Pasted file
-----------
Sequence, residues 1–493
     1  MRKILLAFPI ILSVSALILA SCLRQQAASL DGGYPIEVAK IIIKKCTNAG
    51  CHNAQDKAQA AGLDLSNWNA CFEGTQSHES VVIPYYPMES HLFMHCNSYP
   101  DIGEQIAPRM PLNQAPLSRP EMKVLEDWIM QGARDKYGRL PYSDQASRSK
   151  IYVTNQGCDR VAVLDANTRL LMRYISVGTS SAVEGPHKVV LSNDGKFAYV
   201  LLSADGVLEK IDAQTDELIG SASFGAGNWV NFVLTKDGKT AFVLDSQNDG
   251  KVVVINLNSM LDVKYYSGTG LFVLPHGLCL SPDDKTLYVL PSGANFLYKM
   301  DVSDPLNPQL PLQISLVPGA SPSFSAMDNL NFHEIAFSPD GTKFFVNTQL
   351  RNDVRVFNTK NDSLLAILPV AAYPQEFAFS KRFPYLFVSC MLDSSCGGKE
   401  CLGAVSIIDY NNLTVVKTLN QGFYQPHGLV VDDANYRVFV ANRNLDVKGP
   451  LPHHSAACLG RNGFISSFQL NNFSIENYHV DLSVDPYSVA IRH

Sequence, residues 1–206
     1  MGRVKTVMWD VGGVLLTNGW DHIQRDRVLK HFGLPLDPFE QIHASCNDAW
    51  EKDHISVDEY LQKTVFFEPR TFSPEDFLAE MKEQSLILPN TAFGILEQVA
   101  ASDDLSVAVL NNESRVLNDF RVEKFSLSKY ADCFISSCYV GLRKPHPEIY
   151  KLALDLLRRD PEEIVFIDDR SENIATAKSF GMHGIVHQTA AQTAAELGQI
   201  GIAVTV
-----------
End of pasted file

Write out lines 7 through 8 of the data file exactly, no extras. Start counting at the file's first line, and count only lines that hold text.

   251  KVVVINLNSM LDVKYYSGTG LFVLPHGLCL SPDDKTLYVL PSGANFLYKM
   301  DVSDPLNPQL PLQISLVPGA SPSFSAMDNL NFHEIAFSPD GTKFFVNTQL